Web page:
Recommendation engine for e-commerce — Similarity Algorithm

abhishek kushwaha
May 11, 2019 · 5 min read

Recommendation engines based on Computer Vision have more impact on e-commerce business metrics and improve customer experience

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Picture depicting typical Human behavior. | artwork by Subhash @ Brillio

Introduction

With the success of supervised learning, CNN, high computing power and open source libraries, the field of Computer vision (CV) have reached to a level where many of the human task are imitated by computers.

These Visual Similarity Recommendation Engines works in same way as human act while shopping. This helps in much better cloth discovery experience and improves business metric.

I presented paper on this at Indian Institute of Ahmedabad April 2019. One can read fine details in the paper.

Motivation — Good old days of shopping

During our childhood, festivals were exciting event for many reason but the excitement of getting new clothes was always supreme. I used to go with my parents in our tier-2 city. It had, during those days, traditional shops where there would be many person to show clothes to customer. We always had idea what clothes (jeans, shirts etc) we want to buy but it was never decided what exactly within shirts. In fact we always went to buy something new and for that we had to explore the market.

Offline shopping - world without algorithm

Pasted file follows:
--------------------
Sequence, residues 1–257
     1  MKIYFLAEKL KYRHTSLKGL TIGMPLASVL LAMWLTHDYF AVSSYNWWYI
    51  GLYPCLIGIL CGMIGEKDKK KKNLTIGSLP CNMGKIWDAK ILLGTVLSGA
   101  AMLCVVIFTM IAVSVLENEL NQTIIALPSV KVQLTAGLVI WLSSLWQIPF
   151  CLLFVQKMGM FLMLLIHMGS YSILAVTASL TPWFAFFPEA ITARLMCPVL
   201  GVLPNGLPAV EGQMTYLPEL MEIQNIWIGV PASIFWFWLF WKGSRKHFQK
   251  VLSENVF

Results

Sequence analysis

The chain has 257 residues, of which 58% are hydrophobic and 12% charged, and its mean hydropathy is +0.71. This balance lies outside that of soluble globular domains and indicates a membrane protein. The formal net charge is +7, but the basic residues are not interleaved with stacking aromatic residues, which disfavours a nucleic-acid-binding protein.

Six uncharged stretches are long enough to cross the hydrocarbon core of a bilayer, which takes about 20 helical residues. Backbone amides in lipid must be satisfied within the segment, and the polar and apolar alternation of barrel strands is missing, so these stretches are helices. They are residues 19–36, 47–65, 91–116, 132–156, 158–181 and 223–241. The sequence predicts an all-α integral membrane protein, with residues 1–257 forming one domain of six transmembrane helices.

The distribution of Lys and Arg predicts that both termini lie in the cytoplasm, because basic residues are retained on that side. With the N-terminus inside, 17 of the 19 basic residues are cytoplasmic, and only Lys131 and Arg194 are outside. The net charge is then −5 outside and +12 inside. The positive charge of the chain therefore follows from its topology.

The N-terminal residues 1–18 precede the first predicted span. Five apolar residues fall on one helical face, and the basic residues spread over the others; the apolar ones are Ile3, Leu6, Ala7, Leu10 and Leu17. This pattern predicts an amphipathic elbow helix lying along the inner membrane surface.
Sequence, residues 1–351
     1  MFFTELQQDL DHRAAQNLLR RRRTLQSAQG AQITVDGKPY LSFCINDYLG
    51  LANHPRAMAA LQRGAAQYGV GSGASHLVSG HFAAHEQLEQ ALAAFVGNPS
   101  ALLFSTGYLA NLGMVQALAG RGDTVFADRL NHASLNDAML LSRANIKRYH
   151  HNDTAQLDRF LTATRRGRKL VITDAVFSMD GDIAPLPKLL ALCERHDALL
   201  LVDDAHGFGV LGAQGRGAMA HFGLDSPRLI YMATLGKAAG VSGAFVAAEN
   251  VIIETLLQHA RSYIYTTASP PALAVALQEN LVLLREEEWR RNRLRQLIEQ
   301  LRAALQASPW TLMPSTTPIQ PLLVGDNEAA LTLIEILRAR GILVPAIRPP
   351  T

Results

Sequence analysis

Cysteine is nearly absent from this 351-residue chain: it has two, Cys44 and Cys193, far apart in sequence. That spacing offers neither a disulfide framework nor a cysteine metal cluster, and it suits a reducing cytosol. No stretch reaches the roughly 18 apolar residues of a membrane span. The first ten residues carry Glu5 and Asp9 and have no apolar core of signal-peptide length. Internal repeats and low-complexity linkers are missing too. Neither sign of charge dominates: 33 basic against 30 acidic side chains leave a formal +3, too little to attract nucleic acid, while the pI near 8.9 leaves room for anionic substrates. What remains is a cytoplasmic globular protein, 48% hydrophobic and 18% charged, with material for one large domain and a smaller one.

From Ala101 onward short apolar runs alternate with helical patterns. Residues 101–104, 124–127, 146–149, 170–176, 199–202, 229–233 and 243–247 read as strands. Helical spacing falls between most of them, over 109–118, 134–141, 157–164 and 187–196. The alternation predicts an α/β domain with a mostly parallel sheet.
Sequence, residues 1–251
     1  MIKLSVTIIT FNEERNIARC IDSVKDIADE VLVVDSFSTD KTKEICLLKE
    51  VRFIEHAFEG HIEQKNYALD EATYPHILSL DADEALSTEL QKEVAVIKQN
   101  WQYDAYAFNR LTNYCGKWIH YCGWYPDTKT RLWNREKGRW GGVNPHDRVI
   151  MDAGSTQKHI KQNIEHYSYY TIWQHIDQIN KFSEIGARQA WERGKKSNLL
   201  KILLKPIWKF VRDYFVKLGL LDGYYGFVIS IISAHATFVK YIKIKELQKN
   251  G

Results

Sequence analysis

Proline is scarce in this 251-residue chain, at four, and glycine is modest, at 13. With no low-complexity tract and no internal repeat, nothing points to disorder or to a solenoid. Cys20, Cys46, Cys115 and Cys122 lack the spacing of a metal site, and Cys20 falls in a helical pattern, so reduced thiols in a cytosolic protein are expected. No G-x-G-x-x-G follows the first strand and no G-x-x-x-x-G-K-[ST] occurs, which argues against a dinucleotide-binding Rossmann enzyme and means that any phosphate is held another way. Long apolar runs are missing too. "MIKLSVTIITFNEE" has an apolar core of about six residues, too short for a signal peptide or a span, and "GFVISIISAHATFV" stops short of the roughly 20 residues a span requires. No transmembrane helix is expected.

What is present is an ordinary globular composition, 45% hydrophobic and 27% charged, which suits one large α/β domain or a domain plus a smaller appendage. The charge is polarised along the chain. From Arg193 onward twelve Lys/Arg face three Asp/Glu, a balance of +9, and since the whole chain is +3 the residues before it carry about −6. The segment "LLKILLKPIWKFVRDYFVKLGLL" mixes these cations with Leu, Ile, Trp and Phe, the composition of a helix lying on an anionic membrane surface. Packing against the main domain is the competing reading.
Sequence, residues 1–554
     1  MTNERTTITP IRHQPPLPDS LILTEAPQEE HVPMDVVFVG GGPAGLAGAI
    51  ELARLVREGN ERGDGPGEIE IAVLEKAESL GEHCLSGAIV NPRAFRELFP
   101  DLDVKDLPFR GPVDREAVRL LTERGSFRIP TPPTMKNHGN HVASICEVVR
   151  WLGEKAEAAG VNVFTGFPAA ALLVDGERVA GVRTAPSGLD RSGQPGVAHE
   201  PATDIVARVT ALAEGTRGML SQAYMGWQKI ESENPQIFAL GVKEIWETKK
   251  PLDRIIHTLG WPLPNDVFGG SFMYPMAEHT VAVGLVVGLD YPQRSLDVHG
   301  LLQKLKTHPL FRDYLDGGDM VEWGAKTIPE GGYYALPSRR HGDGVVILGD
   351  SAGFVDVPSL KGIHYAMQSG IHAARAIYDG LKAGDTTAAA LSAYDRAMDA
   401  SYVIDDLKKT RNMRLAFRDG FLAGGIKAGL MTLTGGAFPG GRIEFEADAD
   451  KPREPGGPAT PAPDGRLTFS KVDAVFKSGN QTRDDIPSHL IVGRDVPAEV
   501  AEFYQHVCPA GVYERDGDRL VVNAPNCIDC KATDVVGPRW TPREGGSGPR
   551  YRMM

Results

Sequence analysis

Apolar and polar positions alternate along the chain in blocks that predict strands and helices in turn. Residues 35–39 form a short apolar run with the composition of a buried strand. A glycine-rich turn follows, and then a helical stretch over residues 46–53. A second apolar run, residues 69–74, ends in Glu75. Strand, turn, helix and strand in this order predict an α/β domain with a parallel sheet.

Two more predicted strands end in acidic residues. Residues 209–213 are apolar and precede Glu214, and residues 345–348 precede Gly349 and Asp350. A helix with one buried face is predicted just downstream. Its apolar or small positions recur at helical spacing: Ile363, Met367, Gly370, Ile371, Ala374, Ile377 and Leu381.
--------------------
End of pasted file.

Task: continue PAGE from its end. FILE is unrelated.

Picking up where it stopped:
The shopkeeper starts by asking us what type of shirts we want. He gets some idea about our taste. (in online world this is major problem — cold start). Then he starts showing different types of shirt in his inventory. This is generally called as ‘Exploration’ phase during which he keeps the variation high. Then after seeing sufficient items we get an idea about his inventory and we select few clothes which we like. At this point of time we ask shopkeeper to show clothes ‘on the lines of chosen ones’, meaning clothes which are ‘Similar’ to them on broader sense. Since Shopkeeper has Knowledge about its stock, he starts showing selectively. At this point he has reduced the variance (variety).

And then comes the time when our selection boils down to few items. At this stage we almost always ask shopkeeper to show all variation of these few items, meaning ‘similar’ ones at granular level. Its human behaviour to see all option before making decision.

Shopping in Online world - role of algorithms

In Online world, the work of shopkeeper is taken care by Algorithms, designed to fulfill demands of various ‘Phases’. Shopkeeper work is to retrieve clothes from inventory based on user choices and finally have conversion for business. Same goes with algorithms. They have to retrieve ‘relevant’ clothes from huge inventory so that user finds items which he/she likes and buys it.

Components of Visual similarity algorithm

Building algorithm for above usecase has many steps. Getting to the final set of steps involved a lot of R&D. One can read the paper about our various experiments. Below I describe the most efficient model.